the vaccines, it was the private sectors who deliver the treatments, it was not the CDC or WHO. And this is what meant to be. And this is why we are

having what we have so far.

So without intellectual property, there is no private sector because unfortunately, it's not only good will that give us cure of cancer, it is

tremendous investments of people that are willing to invest their money 100 times before they see one project succeed, because that's the chances in

science. So I think they are wrong. And in any case, even in a pandemic will not offer anything, because as I said, the issue right now is not

neither price, nor availability. Issues are infrastructure, but we need to all to work to support those countries.

ISAACSON: You just won the Genesis Prize this month. That's a big international prize. Congratulations.

BOURLA: Thank you.

ISAACSON: And it's about having values, both Jewish values and values of taking risk like you've done. Tell me about your own background. I think

you grew up in Thessalonica in Greece, as the son of Holocaust survivors, very few Holocaust survivors in Greece at the time, very few Jewish

families left, how did that affect your values and what you've done since then?

BOURLA: Look, everybody's values are affected by the family, one way or another, positive or negative, but this is true. And this happened to me as

well. My parents escaped the Holocaust at the last moment, particularly my mother was placed after or actually the teenager in front of the firing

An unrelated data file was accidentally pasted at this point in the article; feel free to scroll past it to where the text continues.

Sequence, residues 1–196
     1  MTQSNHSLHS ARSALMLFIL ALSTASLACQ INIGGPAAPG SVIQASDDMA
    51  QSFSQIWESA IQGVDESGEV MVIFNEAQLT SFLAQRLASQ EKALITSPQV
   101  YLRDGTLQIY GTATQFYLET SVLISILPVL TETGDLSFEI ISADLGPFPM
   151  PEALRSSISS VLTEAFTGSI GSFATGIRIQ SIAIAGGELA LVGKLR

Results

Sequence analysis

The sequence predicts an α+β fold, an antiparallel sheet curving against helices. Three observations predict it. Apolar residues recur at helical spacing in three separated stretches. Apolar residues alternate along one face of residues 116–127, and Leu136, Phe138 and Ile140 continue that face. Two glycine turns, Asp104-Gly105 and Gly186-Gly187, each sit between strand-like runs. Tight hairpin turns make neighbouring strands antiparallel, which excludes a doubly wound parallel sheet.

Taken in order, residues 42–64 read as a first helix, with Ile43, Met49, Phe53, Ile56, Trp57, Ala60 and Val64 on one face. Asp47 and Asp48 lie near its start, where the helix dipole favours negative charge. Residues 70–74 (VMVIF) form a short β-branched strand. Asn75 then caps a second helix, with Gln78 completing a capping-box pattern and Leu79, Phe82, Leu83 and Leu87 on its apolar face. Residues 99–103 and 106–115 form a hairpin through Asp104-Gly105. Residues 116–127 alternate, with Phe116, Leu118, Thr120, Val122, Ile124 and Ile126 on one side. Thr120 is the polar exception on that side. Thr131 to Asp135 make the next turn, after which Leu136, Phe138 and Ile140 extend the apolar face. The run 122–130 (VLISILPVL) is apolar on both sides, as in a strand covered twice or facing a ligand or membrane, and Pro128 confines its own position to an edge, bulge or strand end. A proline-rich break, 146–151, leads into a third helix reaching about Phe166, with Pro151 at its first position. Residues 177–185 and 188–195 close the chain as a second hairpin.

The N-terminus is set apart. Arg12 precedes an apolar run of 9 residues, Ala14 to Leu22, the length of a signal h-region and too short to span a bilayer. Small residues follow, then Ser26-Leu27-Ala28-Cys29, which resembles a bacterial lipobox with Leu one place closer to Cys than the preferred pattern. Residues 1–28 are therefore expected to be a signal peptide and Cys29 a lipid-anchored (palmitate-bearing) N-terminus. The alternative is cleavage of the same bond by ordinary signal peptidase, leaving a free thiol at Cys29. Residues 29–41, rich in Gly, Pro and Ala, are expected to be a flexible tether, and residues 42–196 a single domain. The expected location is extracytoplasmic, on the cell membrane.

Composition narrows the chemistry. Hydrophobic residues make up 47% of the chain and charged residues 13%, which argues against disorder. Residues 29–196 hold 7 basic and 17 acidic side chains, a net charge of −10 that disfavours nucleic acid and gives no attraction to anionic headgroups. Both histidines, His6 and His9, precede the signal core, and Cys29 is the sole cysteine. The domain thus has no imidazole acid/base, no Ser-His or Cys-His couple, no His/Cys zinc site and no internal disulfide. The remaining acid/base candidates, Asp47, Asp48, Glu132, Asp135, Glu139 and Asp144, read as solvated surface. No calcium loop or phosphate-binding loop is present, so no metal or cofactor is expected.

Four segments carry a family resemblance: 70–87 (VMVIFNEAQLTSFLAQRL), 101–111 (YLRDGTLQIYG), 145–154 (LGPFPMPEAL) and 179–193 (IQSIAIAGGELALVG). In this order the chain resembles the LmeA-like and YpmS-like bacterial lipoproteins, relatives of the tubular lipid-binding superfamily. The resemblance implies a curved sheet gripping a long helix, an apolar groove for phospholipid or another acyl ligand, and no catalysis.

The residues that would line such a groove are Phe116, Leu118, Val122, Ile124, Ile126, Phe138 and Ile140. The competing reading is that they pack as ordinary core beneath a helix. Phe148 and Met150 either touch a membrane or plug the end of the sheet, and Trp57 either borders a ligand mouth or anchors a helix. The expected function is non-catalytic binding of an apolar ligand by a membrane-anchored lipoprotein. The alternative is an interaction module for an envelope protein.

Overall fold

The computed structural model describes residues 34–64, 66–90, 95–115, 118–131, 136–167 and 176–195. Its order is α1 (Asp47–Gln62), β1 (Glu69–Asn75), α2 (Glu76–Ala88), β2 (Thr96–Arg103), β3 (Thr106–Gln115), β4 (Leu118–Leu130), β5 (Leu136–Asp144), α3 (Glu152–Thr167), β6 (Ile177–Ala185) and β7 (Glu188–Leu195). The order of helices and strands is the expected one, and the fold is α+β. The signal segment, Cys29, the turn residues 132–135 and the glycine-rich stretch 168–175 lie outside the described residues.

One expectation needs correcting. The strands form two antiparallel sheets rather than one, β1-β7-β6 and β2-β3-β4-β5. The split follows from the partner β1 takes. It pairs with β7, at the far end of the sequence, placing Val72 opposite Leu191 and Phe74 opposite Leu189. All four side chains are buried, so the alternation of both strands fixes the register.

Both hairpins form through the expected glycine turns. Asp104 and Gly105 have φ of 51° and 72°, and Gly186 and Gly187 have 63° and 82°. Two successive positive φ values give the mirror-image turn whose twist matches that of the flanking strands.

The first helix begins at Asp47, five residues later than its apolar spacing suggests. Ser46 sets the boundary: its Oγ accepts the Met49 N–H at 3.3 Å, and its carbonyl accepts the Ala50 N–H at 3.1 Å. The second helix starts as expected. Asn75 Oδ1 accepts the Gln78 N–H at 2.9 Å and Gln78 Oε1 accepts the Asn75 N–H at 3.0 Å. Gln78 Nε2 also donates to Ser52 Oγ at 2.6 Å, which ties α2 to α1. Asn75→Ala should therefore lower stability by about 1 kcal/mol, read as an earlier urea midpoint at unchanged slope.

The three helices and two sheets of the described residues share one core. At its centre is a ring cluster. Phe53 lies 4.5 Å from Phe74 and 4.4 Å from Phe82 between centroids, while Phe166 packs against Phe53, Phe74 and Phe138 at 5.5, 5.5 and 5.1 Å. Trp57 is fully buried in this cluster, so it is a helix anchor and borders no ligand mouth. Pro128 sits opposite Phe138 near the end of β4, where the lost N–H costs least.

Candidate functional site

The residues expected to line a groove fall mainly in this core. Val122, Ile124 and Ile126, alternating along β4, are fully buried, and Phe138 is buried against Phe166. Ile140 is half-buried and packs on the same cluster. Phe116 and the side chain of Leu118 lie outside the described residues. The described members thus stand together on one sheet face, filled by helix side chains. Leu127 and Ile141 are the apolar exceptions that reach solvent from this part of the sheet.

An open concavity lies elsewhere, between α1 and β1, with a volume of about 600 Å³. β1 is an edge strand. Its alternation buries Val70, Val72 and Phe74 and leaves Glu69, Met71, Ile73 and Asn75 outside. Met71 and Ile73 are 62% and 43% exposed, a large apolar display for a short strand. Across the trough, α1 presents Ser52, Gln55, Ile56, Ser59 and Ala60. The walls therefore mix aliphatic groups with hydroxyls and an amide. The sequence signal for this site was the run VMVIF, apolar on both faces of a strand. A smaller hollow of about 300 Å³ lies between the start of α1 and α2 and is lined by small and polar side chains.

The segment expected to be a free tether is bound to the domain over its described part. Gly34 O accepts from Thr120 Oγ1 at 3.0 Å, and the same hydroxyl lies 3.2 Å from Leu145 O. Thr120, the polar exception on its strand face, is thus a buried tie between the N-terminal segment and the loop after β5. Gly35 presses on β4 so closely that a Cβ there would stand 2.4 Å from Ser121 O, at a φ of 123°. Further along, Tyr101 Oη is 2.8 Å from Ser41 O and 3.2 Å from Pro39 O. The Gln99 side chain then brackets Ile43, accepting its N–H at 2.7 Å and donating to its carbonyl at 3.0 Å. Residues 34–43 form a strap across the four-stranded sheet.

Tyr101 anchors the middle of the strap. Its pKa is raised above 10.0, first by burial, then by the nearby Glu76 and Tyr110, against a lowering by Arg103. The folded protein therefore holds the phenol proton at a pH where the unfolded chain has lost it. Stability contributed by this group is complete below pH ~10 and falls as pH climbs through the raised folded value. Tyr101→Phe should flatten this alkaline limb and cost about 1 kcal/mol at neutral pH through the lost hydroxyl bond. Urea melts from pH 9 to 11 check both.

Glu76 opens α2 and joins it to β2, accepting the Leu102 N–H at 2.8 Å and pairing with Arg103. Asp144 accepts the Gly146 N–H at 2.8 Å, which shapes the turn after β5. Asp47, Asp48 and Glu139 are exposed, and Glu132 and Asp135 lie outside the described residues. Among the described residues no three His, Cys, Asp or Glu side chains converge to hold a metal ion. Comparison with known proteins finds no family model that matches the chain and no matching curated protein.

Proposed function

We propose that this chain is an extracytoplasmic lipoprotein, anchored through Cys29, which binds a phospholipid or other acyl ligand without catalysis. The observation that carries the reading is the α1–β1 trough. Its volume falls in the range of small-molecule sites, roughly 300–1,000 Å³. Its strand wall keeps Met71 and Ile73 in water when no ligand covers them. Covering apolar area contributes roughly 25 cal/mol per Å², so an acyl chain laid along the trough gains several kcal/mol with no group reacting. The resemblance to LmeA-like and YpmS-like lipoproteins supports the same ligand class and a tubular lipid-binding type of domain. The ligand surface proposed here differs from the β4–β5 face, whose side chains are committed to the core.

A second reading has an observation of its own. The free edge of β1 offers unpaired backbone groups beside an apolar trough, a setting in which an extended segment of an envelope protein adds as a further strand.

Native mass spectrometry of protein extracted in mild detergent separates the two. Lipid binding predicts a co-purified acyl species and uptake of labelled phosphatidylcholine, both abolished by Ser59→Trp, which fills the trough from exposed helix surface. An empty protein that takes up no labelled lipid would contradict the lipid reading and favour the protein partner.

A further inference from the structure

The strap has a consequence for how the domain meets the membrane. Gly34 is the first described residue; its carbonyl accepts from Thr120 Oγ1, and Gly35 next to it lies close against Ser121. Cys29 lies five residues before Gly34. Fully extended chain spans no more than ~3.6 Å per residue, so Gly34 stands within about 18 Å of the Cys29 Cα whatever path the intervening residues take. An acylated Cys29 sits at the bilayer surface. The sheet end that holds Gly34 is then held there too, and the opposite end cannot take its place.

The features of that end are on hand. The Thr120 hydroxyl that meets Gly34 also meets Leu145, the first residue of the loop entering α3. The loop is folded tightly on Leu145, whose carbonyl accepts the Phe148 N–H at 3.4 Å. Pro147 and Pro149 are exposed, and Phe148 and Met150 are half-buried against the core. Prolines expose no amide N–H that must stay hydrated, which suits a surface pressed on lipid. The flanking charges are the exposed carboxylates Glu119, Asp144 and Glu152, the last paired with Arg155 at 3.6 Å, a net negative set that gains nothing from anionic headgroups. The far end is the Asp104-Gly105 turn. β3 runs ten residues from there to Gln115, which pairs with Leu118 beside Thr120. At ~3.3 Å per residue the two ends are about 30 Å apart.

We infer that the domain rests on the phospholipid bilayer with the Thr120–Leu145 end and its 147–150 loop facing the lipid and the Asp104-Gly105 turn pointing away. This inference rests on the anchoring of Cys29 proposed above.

squad. And the last moment they withdraw her from the line, because a Christian uncle had paid bribes to my aunties. And this is how her life was

spared, and she was leaving the execution place and through her, the machine guns killing everybody else.


So when you have an experience like that in your life, and you're willing to talk to your children, because most corporate survivors didn't talk

about the pains that they injure, but my parents did. That's a very strong lesson for a child. And the way that my parents spoke to me was never about

revenge. It was never about we must shade or paid back to those that they did that to us to our family. It was always, they completely ignored them.

Like if they didn't, they were not part of the equation, the message they were giving us. Life is miraculous. There is nothing that you can do. And

nothing is impossible.

And I still remember when I was a child telling my mom, I don't know, I have this difficulty at school. Her waving her finger say, don't tell me

it's difficult. I was in front of her parish club and I made it. Go ahead and do it. I think that made me who I am.

ISAACSON: Dr. Albert Bourla. Thank you so much for joining us.

BOURLA: No, thank you. Thank you for letting me be here and share my story.

AMANPOUR: And what a dramatic story I'm sure a few people have that kind of experience. And when top issues like COVID, Ukraine, and Afghanistan

dominate the headlines, some critical human stories just get lost. The French philosopher and public intellectual, Bernard-Henri Levy, continues

his mission to change that. In a new movie called "The Will to See," Levy says his dispatches from conflict zones around the world. Refusing to

ignore those places where suffering is most profound. Here's a clip.


UNIDENTIFIED FEMALE: (Speaking in Foreign Language).

UNIDENTIFIED MALE: (Speaking in Foreign Language).